Yep, that about sums up the new interface, and it’s short and simple.  Maybe you can have it displayed during or after installation of the Office suite?

  2. Stefan KZVB says:

    That sheet of paper will be very useful if you decide to roll out Office 2007 to a wohole company on a single day.

    But now something technical:

    I just copied every picture from your DOC to PhotoEditor, saved it as PNG and then inserted it back to your document in Word 2000 using Insert Picture/From File. After saving the file size of the doc decreased from 604KB to 485KB. Couldn’t Word just convert automatically to PNG when saving the file to reduce the file size?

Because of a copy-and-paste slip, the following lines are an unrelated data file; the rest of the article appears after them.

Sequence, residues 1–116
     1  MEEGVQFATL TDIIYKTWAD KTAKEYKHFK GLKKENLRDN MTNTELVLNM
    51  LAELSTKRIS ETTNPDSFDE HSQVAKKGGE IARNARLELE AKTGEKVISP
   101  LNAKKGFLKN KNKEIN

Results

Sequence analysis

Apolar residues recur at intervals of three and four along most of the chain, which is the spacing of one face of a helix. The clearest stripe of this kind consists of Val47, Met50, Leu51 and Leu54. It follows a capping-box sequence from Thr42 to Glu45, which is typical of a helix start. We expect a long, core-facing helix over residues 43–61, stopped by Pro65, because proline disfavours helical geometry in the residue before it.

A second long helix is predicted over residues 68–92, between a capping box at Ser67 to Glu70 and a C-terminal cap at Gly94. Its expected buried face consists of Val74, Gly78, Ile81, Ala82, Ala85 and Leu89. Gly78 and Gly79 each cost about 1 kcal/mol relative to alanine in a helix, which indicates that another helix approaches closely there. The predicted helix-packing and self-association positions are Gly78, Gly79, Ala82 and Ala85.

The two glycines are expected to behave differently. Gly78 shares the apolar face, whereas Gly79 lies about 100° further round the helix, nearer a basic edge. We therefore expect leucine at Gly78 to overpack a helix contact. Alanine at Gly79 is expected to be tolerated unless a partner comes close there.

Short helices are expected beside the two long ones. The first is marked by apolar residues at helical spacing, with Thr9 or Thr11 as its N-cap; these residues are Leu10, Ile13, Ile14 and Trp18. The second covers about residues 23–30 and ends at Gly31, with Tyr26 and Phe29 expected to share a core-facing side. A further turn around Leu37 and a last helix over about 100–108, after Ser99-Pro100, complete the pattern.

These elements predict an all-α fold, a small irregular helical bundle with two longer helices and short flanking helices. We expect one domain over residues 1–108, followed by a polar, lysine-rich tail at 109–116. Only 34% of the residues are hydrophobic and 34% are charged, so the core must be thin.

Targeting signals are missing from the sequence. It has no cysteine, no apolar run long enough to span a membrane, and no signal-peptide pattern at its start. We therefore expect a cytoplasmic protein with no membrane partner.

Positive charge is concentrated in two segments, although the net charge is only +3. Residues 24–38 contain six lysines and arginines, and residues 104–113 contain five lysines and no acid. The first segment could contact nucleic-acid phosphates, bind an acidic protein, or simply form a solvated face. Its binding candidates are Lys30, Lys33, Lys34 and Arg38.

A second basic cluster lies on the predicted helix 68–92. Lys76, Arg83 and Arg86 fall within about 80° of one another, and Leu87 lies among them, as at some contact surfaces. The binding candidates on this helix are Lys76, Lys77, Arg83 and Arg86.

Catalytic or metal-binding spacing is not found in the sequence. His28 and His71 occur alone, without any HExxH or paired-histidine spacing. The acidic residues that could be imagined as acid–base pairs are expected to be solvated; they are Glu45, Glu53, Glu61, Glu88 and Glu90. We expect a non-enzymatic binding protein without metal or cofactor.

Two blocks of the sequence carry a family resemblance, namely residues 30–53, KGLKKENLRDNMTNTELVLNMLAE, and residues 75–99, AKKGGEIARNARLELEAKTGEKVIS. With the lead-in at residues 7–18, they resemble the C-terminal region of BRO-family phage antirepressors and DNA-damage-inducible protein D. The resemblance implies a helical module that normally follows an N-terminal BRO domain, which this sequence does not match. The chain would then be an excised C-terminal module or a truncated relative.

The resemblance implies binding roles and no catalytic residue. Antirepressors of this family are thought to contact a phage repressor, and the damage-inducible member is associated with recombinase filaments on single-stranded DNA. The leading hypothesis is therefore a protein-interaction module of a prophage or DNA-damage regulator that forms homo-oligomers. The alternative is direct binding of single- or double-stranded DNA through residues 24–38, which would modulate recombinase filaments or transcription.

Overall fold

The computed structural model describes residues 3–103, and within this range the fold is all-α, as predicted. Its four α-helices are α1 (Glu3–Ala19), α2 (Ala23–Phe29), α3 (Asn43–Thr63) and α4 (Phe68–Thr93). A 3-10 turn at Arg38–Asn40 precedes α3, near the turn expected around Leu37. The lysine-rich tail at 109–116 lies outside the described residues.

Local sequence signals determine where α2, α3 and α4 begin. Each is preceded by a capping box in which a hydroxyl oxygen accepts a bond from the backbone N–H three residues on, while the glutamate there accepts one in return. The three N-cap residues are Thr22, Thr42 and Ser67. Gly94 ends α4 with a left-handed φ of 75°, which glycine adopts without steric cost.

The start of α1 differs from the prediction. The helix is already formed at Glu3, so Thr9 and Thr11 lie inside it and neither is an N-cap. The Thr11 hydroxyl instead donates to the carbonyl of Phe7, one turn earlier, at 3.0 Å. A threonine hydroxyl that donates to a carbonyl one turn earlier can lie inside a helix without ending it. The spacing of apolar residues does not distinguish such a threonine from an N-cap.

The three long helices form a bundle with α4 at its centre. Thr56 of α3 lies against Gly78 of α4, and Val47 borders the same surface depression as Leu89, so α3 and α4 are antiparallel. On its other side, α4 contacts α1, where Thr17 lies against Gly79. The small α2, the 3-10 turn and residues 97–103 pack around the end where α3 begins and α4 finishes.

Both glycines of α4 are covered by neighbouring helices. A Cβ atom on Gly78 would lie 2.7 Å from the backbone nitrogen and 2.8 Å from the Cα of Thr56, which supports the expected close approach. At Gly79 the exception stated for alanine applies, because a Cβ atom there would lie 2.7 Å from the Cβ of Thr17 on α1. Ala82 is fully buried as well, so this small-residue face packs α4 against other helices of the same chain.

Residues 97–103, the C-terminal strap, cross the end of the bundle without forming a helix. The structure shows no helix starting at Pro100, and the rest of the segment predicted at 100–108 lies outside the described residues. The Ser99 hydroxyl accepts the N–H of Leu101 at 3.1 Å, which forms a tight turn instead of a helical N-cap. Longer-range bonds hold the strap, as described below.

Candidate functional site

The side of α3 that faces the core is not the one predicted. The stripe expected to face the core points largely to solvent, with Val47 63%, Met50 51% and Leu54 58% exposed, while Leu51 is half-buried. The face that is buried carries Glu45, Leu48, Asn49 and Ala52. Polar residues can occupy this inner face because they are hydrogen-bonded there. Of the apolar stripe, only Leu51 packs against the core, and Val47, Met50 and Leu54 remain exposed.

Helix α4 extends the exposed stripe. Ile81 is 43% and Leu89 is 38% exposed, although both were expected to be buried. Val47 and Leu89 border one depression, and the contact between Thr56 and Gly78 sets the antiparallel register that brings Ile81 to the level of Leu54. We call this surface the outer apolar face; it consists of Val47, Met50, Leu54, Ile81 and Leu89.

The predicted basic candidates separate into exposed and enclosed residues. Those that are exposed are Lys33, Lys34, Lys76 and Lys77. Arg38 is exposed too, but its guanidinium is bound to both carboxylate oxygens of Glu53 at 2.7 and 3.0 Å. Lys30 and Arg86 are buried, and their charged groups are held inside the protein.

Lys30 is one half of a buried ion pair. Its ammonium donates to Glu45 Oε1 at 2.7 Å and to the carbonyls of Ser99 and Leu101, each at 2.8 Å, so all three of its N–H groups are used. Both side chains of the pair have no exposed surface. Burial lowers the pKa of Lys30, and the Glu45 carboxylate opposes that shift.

And one other thing: Will there be an easy-to-use replacement for PhotoEditor to do such simple tasks in Office 2007?

  3. Just about says it all…for Word.  When it comes to Word and Excel, I’m completely sold.  My ramp up time was minutes.

    Honestly, I’d like to see one for Outlook.  I’m still deciding whether Outlook has become better or just busier, but I rather suspect that a similar attempt for Outlook would run at least two pages.

  4. Christian says:

    Mmmhm, one page A4 for every user?

    Make it like the back of the Hitchhikers guide:

    Write in big, friendly letters "DON’T PANIC" 😉

  5. tino says:

    Could it be so simple? Yes!

    Good work. Thanks.

  6. Thanks for this video. It gave me a better view of office 2007.

  7. Ben C. Kirk says:

    Hi Jensen, fellow blog-followers,